Definition:Real Number

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Informal Definition

Any number on the number line is referred to as a real number.

This includes more numbers than the set of rational numbers as $\sqrt 2$ for example is not rational.

The set of real numbers is denoted $\R$.

Formal Definition

Consider the set of rational numbers, $\Q$.

For any two Cauchy sequences of rational numbers $X = \sequence {x_n}, Y = \sequence {y_n}$, define an equivalence relation between the two as:

$X \equiv Y \iff \forall \epsilon \in \Q_{>0}: \exists n \in \N: \forall i, j > n: \size {x_i - y_j} < \epsilon$

A real number is an equivalence class $\eqclass {\sequence {x_n} } {}$ of Cauchy sequences of rational numbers. (See Equivalence Relation on Cauchy Sequences.)

The set of real numbers is denoted $\R$.

Operations on Real Numbers

We interpret the following symbols:

\((R1)\)   $:$   Negative      \(\displaystyle \forall a \in \R:\) \(\displaystyle \exists ! \paren {-a} \in \R: a + \paren {-a} = 0 \)             
\((R2)\)   $:$   Minus      \(\displaystyle \forall a, b \in \R:\) \(\displaystyle a - b = a + \paren {-b} \)             
\((R3)\)   $:$   Reciprocal      \(\displaystyle \forall a \in \R \setminus \set 0:\) \(\displaystyle \exists ! a^{-1} \in \R: a \times \paren {a^{-1} } = 1 = \paren {a^{-1} } \times a \)             it is usual to write $1/a$ or $\dfrac 1 a$ for $a^{-1}$
\((R4)\)   $:$   Divided by      \(\displaystyle \forall a \in \R \setminus \set 0:\) \(\displaystyle a \div b = \dfrac a b = a / b = a \times \paren {b^{-1} } \)             it is usual to write $1/a$ or $\dfrac 1 a$ for $a^{-1}$

The validity of all these operations is justified by Real Numbers form Field.

Real Number Line

From the Cantor-Dedekind Hypothesis, the set of real numbers is isomorphic to any infinite straight line.

The real number line is an arbitrary infinite straight line each of whose points is identified with a real number such that the distance between any two real number is consistent with the length of the line between those two points.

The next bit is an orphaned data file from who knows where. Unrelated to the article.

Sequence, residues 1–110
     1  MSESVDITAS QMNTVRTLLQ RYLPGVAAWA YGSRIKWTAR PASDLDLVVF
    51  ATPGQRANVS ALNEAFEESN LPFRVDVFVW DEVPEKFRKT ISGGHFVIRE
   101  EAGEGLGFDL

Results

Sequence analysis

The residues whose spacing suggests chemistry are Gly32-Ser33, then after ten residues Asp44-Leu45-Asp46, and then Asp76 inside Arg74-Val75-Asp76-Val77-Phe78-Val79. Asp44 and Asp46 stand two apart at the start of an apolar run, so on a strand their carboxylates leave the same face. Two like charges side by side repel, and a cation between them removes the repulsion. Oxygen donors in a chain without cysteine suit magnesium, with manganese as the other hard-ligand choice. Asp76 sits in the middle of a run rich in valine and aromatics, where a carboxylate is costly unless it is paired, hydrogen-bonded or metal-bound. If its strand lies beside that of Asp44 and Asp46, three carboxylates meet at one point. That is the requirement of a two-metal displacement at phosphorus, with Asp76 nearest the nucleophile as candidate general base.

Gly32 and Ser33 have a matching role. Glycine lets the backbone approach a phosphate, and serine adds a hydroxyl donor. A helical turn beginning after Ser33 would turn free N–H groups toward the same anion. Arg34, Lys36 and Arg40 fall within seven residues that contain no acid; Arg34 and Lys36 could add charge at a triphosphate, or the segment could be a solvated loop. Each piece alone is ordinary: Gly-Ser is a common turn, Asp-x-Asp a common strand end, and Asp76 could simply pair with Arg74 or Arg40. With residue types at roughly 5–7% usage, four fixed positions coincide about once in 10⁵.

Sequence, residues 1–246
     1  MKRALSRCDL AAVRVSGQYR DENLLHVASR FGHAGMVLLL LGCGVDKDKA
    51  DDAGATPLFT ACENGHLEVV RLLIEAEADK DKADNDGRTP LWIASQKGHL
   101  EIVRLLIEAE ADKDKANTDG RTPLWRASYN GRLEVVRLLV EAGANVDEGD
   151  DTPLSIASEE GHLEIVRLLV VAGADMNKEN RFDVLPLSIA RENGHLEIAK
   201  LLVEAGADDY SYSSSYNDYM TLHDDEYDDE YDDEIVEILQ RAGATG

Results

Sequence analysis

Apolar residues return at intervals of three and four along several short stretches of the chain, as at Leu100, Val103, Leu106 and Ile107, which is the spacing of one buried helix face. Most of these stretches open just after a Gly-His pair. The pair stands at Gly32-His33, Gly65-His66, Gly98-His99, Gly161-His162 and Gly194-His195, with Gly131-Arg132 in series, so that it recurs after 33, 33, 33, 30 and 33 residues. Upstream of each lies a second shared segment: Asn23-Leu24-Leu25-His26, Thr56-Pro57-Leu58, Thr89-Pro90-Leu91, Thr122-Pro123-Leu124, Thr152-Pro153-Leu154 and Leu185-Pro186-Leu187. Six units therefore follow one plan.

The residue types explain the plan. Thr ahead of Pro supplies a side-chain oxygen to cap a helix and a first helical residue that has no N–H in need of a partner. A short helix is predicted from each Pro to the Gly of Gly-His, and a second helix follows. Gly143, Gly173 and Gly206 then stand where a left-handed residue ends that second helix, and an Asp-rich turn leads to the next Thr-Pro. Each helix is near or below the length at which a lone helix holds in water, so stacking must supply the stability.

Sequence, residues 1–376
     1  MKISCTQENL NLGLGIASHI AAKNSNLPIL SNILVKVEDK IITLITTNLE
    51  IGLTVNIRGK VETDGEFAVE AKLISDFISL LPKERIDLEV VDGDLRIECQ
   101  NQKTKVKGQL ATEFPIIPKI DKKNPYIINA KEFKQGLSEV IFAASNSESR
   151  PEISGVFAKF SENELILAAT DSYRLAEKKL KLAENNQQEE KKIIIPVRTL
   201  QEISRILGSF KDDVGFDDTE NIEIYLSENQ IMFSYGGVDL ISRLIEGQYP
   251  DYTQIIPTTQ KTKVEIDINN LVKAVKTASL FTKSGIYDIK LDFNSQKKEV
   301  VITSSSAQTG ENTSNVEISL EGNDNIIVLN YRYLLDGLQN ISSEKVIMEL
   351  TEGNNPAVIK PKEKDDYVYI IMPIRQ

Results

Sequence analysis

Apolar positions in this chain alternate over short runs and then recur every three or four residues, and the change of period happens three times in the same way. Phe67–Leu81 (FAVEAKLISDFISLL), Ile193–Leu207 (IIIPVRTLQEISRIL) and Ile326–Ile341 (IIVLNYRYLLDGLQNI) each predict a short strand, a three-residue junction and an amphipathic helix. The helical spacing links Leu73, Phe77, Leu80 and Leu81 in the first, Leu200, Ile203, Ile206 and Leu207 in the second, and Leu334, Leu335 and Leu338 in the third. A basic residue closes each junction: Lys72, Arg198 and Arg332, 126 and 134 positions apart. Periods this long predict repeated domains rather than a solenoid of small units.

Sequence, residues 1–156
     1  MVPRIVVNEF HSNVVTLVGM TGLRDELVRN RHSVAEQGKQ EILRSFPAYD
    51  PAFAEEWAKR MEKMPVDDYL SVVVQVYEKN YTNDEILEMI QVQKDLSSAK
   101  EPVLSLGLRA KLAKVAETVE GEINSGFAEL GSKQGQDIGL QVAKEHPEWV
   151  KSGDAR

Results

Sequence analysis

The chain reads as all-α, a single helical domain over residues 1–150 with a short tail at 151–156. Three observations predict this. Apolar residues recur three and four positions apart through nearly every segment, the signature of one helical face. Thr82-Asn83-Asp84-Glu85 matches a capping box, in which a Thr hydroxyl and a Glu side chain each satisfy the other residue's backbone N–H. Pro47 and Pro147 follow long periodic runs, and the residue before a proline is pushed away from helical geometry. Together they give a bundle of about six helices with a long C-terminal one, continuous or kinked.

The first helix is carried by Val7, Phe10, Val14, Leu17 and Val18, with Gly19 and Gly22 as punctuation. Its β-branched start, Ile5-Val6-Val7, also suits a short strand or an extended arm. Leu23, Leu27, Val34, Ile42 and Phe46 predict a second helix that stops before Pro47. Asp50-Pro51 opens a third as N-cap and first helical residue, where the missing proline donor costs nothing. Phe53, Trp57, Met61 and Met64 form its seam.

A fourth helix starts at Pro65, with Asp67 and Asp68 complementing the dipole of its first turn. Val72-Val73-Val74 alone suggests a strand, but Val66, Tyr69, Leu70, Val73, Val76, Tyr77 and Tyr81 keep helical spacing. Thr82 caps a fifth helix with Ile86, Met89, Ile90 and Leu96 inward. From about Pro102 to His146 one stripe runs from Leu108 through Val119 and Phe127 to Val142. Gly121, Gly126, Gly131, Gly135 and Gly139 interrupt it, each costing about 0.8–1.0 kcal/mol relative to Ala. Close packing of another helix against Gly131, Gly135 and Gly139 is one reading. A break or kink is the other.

Thus we can identify any (either physically drawn or imagined) line with the set of real numbers and thereby illustrate truths about the real numbers by means of diagrams.

Axiomatic Definition

Let $\left({R, +, \times, \le}\right)$ be a Dedekind complete totally ordered field.

Then $R$ is called the (field of) real numbers.

Real Number Axioms

The properties of the field of real numbers $\struct {R, +, \times, \le}$ are as follows:

\((\R A0)\)   $:$   Closure under addition      \(\displaystyle \forall x, y \in \R:\) \(\displaystyle x + y \in \R \)             
\((\R A1)\)   $:$   Associativity of addition      \(\displaystyle \forall x, y, z \in \R:\) \(\displaystyle \paren {x + y} + z = x + \paren {y + z} \)             
\((\R A2)\)   $:$   Commutativity of addition      \(\displaystyle \forall x, y \in \R:\) \(\displaystyle x + y = y + x \)             
\((\R A3)\)   $:$   Identity element for addition      \(\displaystyle \exists 0 \in \R: \forall x \in \R:\) \(\displaystyle x + 0 = x = 0 + x \)             
\((\R A4)\)   $:$   Inverse elements for addition      \(\displaystyle \forall x: \exists \paren {-x} \in \R:\) \(\displaystyle x + \paren {-x} = 0 = \paren {-x} + x \)             
\((\R M0)\)   $:$   Closure under multiplication      \(\displaystyle \forall x, y \in \R:\) \(\displaystyle x \times y \in \R \)             
\((\R M1)\)   $:$   Associativity of multiplication      \(\displaystyle \forall x, y, z \in \R:\) \(\displaystyle \paren {x \times y} \times z = x \times \paren {y \times z} \)             
\((\R M2)\)   $:$   Commutativity of multiplication      \(\displaystyle \forall x, y \in \R:\) \(\displaystyle x \times y = y \times x \)             
\((\R M3)\)   $:$   Identity element for multiplication      \(\displaystyle \exists 1 \in \R, 1 \ne 0: \forall x \in \R:\) \(\displaystyle x \times 1 = x = 1 \times x \)             
\((\R M4)\)   $:$   Inverse elements for multiplication      \(\displaystyle \forall x \in \R_{\ne 0}: \exists \frac 1 x \in \R_{\ne 0}:\) \(\displaystyle x \times \frac 1 x = 1 = \frac 1 x \times x \)             
\((\R D)\)   $:$   Multiplication is distributive over addition      \(\displaystyle \forall x, y, z \in \R:\) \(\displaystyle x \times \paren {y + z} = \paren {x \times y} + \paren {x \times z} \)             
\((\R O1)\)   $:$   Usual ordering is compatible with addition      \(\displaystyle \forall x, y, z \in \R:\) \(\displaystyle x > y \implies x + z > y + z \)             
\((\R O2)\)   $:$   Usual ordering is compatible with multiplication      \(\displaystyle \forall x, y, z \in \R:\) \(\displaystyle x > y, z > 0 \implies x \times z > y \times z \)             
\((\R O3)\)   $:$   $\struct {R, +, \times, \le}$ is Dedekind complete             

These are called the real number axioms.

Also denoted as

Variants on $\R$ are often seen, for example $\mathbf R$ and $\mathcal R$, or even just $R$.

Also known as

When the term number is used in general discourse, it is often tacitly understood as meaning real number, but depending on the context, it may also mean integer or natural number.

Also see

  • Results about real numbers can be found here.